Hometown hubris is a natural instinct. If a leggy supermodel or star athlete hails from your 'hood, you make sure everybody knows it. San Diego has its fair share of famous exports, but every now and again another city goes and claims all the bragging rights.
Take the band Rilo Kiley. They've toured arenas with Coldplay and earned praise from the likes of Elvis Costello. Their most recent album, last year's Under the Blacklight, came in at No. 8 on Rolling Stone's “Top 50 Albums of the Year” list. You could say they're the hipster pride and joy of Los Angeles.
About that, though: Two of the four members of Rilo Kiley grew up here in San Diego. By our estimation, that's exactly half, which makes them our band, too. There's no need for ticker-tape parades or oversized keys to the city, but we should get to revel just a little.
Pierre de Reeder, the band's 34-year-old bassist, was born at Scripps Memorial Hospital and went to La Jolla High. Singer/songwriter/guitarist Blake Sennett, also 34, spent his formative years in La Jolla and later lived in what he calls the “metaphorical monster truck” city of Escondido.
When asked if he was selected “Most likely to play in a hit indie-rock band” by his high-school peers, the soft-spoken De Reeder contemplates the question thoughtfully.
“If there was such a vote, I don't think so,” he muses.
The not-so-soft-spoken Sennett recalls his scholastic years more bluntly.
“I sold pot and mushrooms,” Sennett—born Blake Swendson—claims. “I wore acid-washed jeans and sported kind of a vague mullet. I wore a Bob Marley or Pink Floyd shirt every single day—I had two of each—and I had a big mouth.”Sennett—who's still something of a big mouth, cracking jokes at every turn—whet his appetite for the spotlight as a teen actor playing supporting roles on Salute Your Shorts and Boy Meets World in the early '90s. He later turned his interest to music, joining De Reeder in a gothic band called The Caustic Truth.
“I was the drummer,” Sennett says with a sardonic snort. “We even had a lyric in a song that went, ‘The caustic truth is that there's no truth at all.' Then they kicked me out of the band and kept my drums. So I decided drums sucked. That's why I play guitar.”
During his brief television career, Sennett met (and eventually dated) fellow child actor Jenny Lewis, a petite, spitfire redhead who'd appeared in everything from Roseanne to Troop Beverly Hills. In 1998, the two formed Rilo Kiley with De Reeder and drummer Dave Rock (later replaced by Jason Boesel).
Lewis may be the photogenic face of Rilo Kiley, but Sennett—who splits time with his side project, The Elected—has played an equally active role in the band. He even came up with the name—though he's offered several imaginative accounts about its genesis.
“It's because the real explanation is so boring,” Sennett laughs. “Rilo Kiley was the name of a Scottish guy I had a dream about. I think I've told people that he predicted the date of Jenny's death—that part isn't true.”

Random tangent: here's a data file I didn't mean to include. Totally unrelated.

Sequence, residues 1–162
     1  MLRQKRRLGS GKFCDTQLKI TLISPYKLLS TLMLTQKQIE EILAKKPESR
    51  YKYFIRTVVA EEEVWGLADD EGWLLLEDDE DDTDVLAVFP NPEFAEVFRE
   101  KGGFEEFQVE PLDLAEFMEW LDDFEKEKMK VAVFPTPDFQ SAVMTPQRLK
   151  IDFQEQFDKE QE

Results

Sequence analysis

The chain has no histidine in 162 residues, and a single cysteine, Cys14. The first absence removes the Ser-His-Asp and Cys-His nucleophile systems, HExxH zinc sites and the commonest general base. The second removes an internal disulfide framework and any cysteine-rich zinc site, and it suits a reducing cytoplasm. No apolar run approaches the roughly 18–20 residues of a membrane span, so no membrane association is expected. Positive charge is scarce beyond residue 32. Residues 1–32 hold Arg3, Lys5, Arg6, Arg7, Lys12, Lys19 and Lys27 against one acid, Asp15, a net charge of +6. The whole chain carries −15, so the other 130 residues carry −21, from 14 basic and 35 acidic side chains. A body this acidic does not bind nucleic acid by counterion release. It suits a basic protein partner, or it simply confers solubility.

Over the past decade, Rilo Kiley has honed its folk-tinged mix of indie-pop and twangy country into a big, defining sound hinted at in the title of 2004's More Adventurous. Their latest, Under the Blacklight, ditches the country and indie preciousness for a sex-fueled romp inspired as much by Fleetwood Mac and The Eagles as '80s new-wave and college rock.
The romantic link between Lewis and Sennett has long since fizzled, but public affection for their band only seems to grow stronger. De Reeder says Rilo Kiley's trajectory from unknown indie rockers to Rolling Stone renown has been relatively smooth.
“It's been such an incremental step-up during our 10 years as a band,” he says, modestly. “There definitely have been great moments. The other day, when we were at Coachella... it was incredible. There were 10,000 people out there for us. But we played shows to 20 people and then to 50 and then to 100. There was a never a slap-in-the-face moment.”
De Reeder says he doesn't think the band has even officially “made it” yet, though he casually mentions the especially warm reception Rilo Kiley gets at their hometown gigs—in Los Angeles. Even though he and Sennett routinely head south to visit family, they both consider themselves fully entrenched Angelenos.
That's forgivable enough, especially since Rilo Kiley recently gave a big career boost to one of San Diego's hottest bands. Grand Ole Party—a trio that, admittedly, originally hails from the Bay Area—caught Sennett's attention after they opened for The Elected. He ended up producing their debut, Humanimals, and GOP opened for Rilo Kiley on the band's 2007 U.S. and U.K. tours. De Reeder's 6-year-old daughter Sophia even played a starring role in GOP's first music video.
“They're all so fun and friendly,” says GOP vocalist/drummer Kristin Gundred, who also lent her powerful pipes to Rilo Kiley as a touring backup singer. “A big part of us wanting to work with [Sennett], and him with us, is that he liked our sound as it was.”
De Reeder and Sennett both praise GOP with the same one-word descriptor: “awesome.”
“They're experiencing acclaim and praise at the same time that they're at their most prolific,” Sennett says. “When that happens to you, it's a really special thing. I think they're my favorite band I've heard in, like, five years.”
As long as they don't forget where they came from—sort of—when they become famous.
Rilo Kiley plays at 7:30 p.m. Thursday, May 15, with Nik Freitas at Viejas Concerts in the Park. 619-659-1996. www.rilokiley.com.